Blake Griffin sees bright future for Clippers

LOS ANGELES – Blake Griffin didn’t need long to realize this NBA season promises to be unlike any other for the Los Angeles Clippers. Two days after the Clippers acquired Chris Paul, Griffin walked into a downtown restaurant for dinner with the All-Star point guard and teammates DeAndre Jordan and Ryan Gomes. As the players took their seats, the other patrons gawked at them and started chattering.

Even in L.A. where celebrity sightings are all too common and the locals usually reserve their love for Kobe Bryant and the Los Angeles Lakers, Griffin’s Clippers are suddenly worth talking about.

“It was crazy,” Griffin told Yahoo! Sports of his dinner with Paul. “It was different. This is just the beginning. Before we walked in, there was just this buzz. You could feel it a little bit.

Blake Griffin is looking to build off a season in which he was named Rookie of the Year.
(NBAE/Getty Images)

“But … we haven’t done anything yet. That’s the biggest thing. We haven’t done anything, and we got a lot of work to do before we get to the level that we should be at.”

That hasn’t stopped people from wondering if the Clippers are capable of contending in the Western Conference this season. In addition to Paul, they’ve added veterans Chauncey Billups, Caron Butler and Reggie Evans. Jordan re-signed and guard Mo Williams is back. Griffin established himself as the league’s most captivating young player last season while being named Rookie of the Year.

And it’s Griffin and Paul who will shoulder most of the pressure for living up to all this sudden hype – something the Clippers have rarely ever experienced. Whether this season is memorable or forgettable, the focus will be on Griffin and Paul.

[Video: Clippers’ DeAndre Jordan stuns Lakers with huge dunk]

“It’s an opportunity,” Griffin said. “You got to step up and meet that opportunity. But at the same time with these guys coming in, I’m more than happy to have them here and have Chris take a large load of this team because nobody can do it by themselves.

“You have to have other people step up in big-time situations. I’m still learning the game. I’m still trying to find my way.”

As soon as he learned the Clippers had acquired Paul, Griffin had a three-word reaction: “Yeah! Lob City!” And Griffin doesn’t think it will be long before he and Paul are connecting on alley-oop passes – given that he and former Clippers point guard Baron Davis quickly developed their chemistry last season. In their first preseason game together, Paul assisted on three of Griffin’s four baskets.

“We’ve talked quite a bit, especially since he’s been there,” Griffin said. “We’ve already clicked off the court. On the court, it’s just a matter of getting a feel for each other, his tendencies, my tendencies and putting those together. I’m not worried about that to be honest.

“That was something Baron and I were able to get down quickly. I expect it will be the same way with the kind of passer [Paul] is.”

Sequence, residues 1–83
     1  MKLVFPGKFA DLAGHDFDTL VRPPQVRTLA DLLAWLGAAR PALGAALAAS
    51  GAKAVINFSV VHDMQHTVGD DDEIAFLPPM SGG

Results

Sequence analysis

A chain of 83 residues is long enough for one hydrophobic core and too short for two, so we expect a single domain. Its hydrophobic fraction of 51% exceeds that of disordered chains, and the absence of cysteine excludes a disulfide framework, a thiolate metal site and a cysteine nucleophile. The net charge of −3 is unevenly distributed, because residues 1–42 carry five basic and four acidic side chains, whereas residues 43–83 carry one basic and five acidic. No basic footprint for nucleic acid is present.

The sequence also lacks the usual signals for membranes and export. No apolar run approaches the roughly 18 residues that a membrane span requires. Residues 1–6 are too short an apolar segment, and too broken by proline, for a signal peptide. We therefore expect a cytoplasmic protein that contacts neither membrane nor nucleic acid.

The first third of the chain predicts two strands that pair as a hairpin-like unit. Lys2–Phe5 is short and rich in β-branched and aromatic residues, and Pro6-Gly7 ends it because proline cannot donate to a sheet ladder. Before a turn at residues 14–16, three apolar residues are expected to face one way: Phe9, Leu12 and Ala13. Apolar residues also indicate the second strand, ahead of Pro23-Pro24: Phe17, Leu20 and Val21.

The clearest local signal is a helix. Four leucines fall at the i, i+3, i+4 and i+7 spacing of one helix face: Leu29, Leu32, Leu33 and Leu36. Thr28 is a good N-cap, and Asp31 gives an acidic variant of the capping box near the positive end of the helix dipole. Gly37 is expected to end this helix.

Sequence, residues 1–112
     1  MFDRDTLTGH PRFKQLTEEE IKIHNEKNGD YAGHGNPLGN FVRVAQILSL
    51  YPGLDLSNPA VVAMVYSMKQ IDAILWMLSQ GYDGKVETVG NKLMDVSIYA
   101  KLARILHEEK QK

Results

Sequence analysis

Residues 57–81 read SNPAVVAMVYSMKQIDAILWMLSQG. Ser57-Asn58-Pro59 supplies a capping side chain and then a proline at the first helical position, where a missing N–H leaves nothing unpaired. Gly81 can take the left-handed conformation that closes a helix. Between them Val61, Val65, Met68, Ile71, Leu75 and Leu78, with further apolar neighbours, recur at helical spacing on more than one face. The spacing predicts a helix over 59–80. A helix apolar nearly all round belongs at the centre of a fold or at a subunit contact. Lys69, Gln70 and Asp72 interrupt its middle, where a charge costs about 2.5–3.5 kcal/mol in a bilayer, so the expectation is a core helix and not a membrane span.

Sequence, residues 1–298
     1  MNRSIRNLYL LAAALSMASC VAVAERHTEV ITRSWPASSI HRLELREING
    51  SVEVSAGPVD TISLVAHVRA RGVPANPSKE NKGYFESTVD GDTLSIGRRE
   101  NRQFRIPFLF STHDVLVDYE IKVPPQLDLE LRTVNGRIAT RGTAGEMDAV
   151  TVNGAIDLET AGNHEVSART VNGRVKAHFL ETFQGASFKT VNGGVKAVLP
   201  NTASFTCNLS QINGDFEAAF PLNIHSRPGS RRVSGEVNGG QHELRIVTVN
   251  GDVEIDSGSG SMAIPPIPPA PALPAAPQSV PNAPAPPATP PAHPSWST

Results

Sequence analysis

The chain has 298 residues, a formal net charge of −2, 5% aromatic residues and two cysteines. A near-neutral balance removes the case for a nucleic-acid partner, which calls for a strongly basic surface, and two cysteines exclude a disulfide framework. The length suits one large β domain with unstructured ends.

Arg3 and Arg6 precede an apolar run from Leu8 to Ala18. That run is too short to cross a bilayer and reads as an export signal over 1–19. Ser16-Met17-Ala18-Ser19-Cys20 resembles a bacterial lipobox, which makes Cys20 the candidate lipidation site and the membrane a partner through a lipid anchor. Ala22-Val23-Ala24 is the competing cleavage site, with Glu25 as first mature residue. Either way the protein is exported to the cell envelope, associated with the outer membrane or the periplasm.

And Paul envisions he and Griffin forming a similar inside-outside tandem to the one Paul formed with David West with the New Orleans Hornets.

[Related: Chris Paul’s arrival signals a new future for the Clippers ]

“That’s something that’s going to take time,” Paul said. “D-West and I played together for six years. It’s actually odd being in the locker room without him because that’s the only guy that had been with me my whole NBA career. I definitely know that’s possible.”

The Clippers hope the addition of Paul will help keep Griffin in a Clippers uniform for a long time. Paul will pass on the chance to become a free agent after this season and plans to sign an extension with the Clippers in 2013. Griffin can become a free agent in 2014.

“I like the way we are headed,” Griffin said. “I like the steps we are taking. We have to keep going like that, and so far they have. Like I tell people, this is a good place to play. If things like this keep happening and we keep making steps forward, I don’t see why it wouldn’t be a place where people wouldn’t want to come and wouldn’t want to stay.

“But I’m too far away from that to start talking about [his possible free agency]. That is not really crossing my mind right now. Things are moving in the right direction. They got to stay that way.”

Griffin knows his own game must continue to grow. He averaged 22.5 points and 12.1 rebounds last season and spent much of the lockout working on his defense and extending his jump shot.

“I’m going to be a more confident player,” he said.

The Lakers have long owned Los Angeles while the Clippers have advanced to the second round of the playoffs just once in the 27 years since they moved here. But in a recent Fox Sports West poll, 62 percent of voters said they thought the Clippers will finish this season with more wins than the Lakers. That’s saying a lot considering the Lakers have played in the NBA Finals three of the past four years and the Clippers were last in the playoffs in 2006.

“We are trying to establish ourselves in the entire league,” Griffin said. “The Lakers are just one team. There are 28 others that we have to worry about. And that’s our focus and that’s going to be our main identity this season.

“The Lakers are popular for a reason. They’ve been good for a long time. Sixteen championships. Two in the last three years. It’s not about us versus them. It’s about us versus everybody.”

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Marc Spears is an NBA writer for Yahoo! Sports. Follow him on Twitter.
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Updated Wednesday, Dec 21, 2011